Thursday, June 07, 2012

Early Reports: May Real Estate Market is Hot; 17 Major Metro Areas Reporting 20+% Sales Gains

Early reports are just starting to come in for May real estate sales, and it's already starting to look like a blockbuster sales month.

Double-digit sales gains have been reported so far in:

1) Seattle by 23% vs. last year ("The most dramatic we’ve seen in at least five years. While home sales have been on the rise for months, the previous gains in homes prices had been minor. May’s real estate statistics have solidified the trend and pushed it into overdrive."),

2) Pittsburgh by 20%,

3) Albuquerque by 29%,

4) the Denver-area by 24%,

5) the Memphis area by 25%,

6) Chicago by 19.2%,

7) Nashville by 28.5%,

8) Boston by 28%,

9) Charlotte by 18.2,

10) Iowa by 14%,

11) Birmingham by 21%,

12) Milwaukee by 30%, 

13) Charleston by 24%,

14) Baltimore by 13%,

15) Minneapolis by 20.5%,

16) Des Moines by 18%,

17) Champaign County (IL) by 26%.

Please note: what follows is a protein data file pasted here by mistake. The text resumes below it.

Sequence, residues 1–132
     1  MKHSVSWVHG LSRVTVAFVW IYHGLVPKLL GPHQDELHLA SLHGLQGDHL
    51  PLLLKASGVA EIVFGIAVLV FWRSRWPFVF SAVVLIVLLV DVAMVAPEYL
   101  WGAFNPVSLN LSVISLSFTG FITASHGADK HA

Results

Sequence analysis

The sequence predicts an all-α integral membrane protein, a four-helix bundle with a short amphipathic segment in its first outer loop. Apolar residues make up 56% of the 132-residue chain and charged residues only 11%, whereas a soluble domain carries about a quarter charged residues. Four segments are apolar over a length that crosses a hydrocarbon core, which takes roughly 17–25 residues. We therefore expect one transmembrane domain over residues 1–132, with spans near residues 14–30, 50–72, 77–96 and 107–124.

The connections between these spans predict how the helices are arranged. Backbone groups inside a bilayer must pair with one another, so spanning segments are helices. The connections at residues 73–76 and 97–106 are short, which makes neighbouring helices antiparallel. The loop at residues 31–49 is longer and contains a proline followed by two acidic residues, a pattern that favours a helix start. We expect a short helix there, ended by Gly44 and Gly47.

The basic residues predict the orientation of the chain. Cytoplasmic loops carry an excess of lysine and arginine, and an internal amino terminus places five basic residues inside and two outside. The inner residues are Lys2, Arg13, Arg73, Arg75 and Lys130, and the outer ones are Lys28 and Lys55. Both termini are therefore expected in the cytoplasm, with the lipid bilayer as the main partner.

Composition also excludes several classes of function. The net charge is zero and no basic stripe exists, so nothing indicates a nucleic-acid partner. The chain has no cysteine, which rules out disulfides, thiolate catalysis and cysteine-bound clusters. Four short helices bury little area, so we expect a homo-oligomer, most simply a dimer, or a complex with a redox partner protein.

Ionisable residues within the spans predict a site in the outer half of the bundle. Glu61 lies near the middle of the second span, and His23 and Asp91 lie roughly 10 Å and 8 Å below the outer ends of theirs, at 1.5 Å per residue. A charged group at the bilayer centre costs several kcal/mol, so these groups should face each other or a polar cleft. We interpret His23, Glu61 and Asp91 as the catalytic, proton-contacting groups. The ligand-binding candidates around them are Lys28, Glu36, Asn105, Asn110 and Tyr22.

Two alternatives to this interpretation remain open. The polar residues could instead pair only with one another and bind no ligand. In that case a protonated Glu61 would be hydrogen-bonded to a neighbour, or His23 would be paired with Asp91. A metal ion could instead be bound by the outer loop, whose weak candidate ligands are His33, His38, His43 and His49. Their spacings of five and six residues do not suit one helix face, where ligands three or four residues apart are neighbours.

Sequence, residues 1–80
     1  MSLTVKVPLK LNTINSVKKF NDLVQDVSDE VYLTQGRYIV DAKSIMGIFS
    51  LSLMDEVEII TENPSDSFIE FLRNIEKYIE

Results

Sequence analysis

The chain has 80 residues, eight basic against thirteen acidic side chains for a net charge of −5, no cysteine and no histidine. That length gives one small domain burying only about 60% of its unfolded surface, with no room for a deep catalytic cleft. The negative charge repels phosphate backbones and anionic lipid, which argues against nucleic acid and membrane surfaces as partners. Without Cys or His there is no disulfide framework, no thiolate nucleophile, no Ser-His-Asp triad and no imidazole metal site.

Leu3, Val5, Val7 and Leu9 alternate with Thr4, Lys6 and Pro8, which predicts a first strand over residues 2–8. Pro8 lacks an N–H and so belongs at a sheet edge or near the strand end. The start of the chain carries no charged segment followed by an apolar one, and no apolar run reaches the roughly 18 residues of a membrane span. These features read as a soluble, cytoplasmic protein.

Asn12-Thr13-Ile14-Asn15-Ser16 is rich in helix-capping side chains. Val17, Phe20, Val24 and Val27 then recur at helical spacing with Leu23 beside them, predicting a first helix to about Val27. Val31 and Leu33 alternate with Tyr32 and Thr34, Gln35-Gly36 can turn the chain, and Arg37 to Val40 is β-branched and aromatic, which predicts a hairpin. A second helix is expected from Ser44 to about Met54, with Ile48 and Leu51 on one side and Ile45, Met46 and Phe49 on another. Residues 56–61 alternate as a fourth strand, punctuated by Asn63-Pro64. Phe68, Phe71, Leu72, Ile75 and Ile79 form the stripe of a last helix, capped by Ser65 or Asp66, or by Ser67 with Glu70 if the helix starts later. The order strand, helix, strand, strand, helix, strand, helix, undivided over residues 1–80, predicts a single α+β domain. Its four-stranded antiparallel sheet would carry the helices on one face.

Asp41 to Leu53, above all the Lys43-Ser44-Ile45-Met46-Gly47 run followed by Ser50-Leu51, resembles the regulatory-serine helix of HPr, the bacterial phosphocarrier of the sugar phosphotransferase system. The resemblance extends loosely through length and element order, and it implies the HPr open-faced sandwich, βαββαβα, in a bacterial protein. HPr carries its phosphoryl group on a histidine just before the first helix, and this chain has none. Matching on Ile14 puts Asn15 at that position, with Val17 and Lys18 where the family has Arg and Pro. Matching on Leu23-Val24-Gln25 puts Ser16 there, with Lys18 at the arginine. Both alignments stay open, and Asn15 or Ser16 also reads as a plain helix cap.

And land sales in the Las Vegas Valley hit a two-year high in the first quarter with $40.3 million in total sales volume, a 38 percent increase from $29.1 million in the year-ago quarter.

It's starting to look like there might actually be a housing recovery underway; we're certainly past the bottom of the market.   

12 Comments:

At 6/06/2012 10:37 PM, Blogger Unknown said...

I spoke with a salesman at a nearby housing development (north Seattle suburbs) and he said he sold 5 houses the previous week. Normally that would be considered good for one *month*

 
At 6/06/2012 10:41 PM, Blogger Unknown said...

^
That was this last weekend I asked him, BTW.

Check out the 5th graph at this link. Huge surge.

LINK

 
At 6/07/2012 5:49 AM, Blogger writersblock said...

For Sale signs have really sprouted, all over my neighborhood in Houston, but I'm not seeing any Sold, or Sale Pending signs.

 
At 6/07/2012 9:11 AM, Blogger morganovich said...

i think there is something fishy with these numbers. they looked like this for april as well, but the more sophisticated indexes, like core logic, are showing gains an order of magnitude lower.